Reviewed by: C.S.

CrimeSquad Rating:

Karin Slaughter - Skin Privilege

"… a very good read"

Synopsis:
Lena Adams has spent her life struggling to escape her past. She has only unhappy memories of Reece, the small town that nearly destroyed her. She's made a new life for herself as a police detective in Heartsdale, a hundred miles away - but nothing could prepare her for the violence that explodes when she is forced to return. A vicious murder leaves a young woman incinerated beyond recognition. And Lena is the only suspect.

When Heartsdale police chief, Jeffrey Tolliver, Lena's boss, receives word that his detective has been arrested, he has no choice but to go to Lena's aid - taking with him his wife, medical examiner Sara Linton.

But soon after their arrival, a second victim is found. The town closes ranks and both Jeffrey and Sara find themselves entangled in a horrifying underground world of bigotry and rage - a violent world that shocks even them. A world that puts their lives in jeopardy.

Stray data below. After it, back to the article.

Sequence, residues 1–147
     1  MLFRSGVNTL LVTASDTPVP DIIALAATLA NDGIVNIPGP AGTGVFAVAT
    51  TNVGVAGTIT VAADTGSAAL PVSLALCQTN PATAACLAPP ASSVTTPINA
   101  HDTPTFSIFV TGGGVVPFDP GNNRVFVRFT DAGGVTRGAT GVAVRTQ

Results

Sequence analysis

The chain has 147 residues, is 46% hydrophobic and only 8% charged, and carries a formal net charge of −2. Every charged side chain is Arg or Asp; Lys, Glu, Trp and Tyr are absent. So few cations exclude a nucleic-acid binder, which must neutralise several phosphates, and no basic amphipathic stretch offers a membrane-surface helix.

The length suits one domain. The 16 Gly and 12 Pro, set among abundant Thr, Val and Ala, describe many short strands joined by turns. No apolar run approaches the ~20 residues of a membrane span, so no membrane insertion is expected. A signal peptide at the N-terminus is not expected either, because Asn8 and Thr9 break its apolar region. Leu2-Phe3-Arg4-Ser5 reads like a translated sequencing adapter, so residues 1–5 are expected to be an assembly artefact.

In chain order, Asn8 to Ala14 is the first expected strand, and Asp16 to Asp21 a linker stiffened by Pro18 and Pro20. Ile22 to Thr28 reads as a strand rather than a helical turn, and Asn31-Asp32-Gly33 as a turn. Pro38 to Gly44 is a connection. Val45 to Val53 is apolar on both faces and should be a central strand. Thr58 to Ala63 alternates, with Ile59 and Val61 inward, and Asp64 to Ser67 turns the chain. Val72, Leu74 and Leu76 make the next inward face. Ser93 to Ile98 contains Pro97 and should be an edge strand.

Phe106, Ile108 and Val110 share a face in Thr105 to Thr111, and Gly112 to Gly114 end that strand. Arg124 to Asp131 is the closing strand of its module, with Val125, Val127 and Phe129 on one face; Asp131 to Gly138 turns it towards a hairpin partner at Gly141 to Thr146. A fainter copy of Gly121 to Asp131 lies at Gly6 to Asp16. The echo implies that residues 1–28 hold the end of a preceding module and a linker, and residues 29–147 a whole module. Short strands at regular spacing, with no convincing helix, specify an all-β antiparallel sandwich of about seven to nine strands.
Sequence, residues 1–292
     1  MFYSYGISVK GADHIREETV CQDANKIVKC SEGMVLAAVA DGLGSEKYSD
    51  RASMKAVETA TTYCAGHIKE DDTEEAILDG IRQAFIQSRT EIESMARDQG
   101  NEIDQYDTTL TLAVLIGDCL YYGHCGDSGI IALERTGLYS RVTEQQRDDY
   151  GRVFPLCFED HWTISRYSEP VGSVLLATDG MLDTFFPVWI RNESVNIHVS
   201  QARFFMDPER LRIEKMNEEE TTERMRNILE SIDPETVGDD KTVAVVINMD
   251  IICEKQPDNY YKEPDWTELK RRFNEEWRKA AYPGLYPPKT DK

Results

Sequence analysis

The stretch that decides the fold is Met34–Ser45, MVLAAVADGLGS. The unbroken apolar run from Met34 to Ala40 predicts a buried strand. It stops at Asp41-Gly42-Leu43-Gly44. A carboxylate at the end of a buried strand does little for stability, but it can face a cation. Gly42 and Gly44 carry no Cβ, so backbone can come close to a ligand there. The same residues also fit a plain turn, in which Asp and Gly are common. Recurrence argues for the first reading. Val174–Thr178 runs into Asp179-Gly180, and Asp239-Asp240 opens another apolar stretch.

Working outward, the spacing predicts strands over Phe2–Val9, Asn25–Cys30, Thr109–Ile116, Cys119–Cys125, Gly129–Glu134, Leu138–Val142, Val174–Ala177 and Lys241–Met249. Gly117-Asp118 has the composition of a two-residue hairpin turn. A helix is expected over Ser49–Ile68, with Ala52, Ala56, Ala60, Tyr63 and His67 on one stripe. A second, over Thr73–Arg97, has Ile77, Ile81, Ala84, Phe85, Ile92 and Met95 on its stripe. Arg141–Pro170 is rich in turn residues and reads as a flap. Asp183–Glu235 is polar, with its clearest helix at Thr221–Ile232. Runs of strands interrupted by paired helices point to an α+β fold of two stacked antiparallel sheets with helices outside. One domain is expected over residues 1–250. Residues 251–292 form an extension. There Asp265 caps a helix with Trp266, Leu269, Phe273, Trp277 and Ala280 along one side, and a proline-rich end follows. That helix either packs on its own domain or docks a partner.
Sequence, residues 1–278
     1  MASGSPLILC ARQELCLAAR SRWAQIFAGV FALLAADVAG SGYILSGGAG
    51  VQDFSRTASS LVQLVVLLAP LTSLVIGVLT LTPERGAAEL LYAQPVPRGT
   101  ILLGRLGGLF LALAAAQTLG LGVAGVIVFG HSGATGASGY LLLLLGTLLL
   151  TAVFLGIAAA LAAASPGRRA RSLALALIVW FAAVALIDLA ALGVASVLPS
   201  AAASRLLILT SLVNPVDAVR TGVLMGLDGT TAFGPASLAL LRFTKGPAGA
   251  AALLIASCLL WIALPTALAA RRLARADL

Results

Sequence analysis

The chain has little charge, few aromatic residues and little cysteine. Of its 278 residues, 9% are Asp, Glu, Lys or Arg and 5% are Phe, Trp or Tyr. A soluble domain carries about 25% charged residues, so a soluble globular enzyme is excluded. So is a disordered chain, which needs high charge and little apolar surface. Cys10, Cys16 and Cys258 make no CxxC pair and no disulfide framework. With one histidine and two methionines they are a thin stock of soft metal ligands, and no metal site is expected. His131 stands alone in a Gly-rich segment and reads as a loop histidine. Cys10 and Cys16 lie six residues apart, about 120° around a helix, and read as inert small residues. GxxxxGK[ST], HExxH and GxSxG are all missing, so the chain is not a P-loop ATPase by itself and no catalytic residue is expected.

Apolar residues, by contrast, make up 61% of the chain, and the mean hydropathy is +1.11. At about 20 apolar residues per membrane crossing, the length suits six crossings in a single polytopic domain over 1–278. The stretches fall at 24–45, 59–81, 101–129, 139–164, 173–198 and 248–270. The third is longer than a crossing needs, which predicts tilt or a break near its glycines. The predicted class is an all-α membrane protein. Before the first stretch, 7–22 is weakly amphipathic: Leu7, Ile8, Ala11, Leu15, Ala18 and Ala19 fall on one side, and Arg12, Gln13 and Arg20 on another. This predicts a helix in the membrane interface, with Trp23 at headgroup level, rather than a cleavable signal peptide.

Only Jeffrey and Sara can free Lena from the web of lies, betrayal and brutality that has trapped her. But can they discover the truth before the killer strikes again?

Review:
After reading Slaughter's previous book, Triptych, I was delighted that a new range of characters had been brought in, so I was really looking forward to her latest book. However, I was slightly disappointed to realise that Slaughter had brought back Sara and Jeffrey, as I felt that they had run their course.

Skin Privilege, though, I found to be rather better than her previous Sara/Jeffrey novels, and I do feel that this maybe the final book with these characters as certain events in the story would indicate that this book was tying off loose ends.

Sara, in my opinion, was complaining and a generally unhappy character, as usual, which I find particularly off putting. And Jeffrey seems is a very weak person with no backbone. However, the story is a very good read and I did enjoy this book, even if at the end I was surprised at the outcome - always better than having a predictable storyline!

Reviewed by: H.A.

CrimeSquad Rating:

Kathy Reichs - Bones to Ashes

"… her writing is unsurpassed."

Synopsis: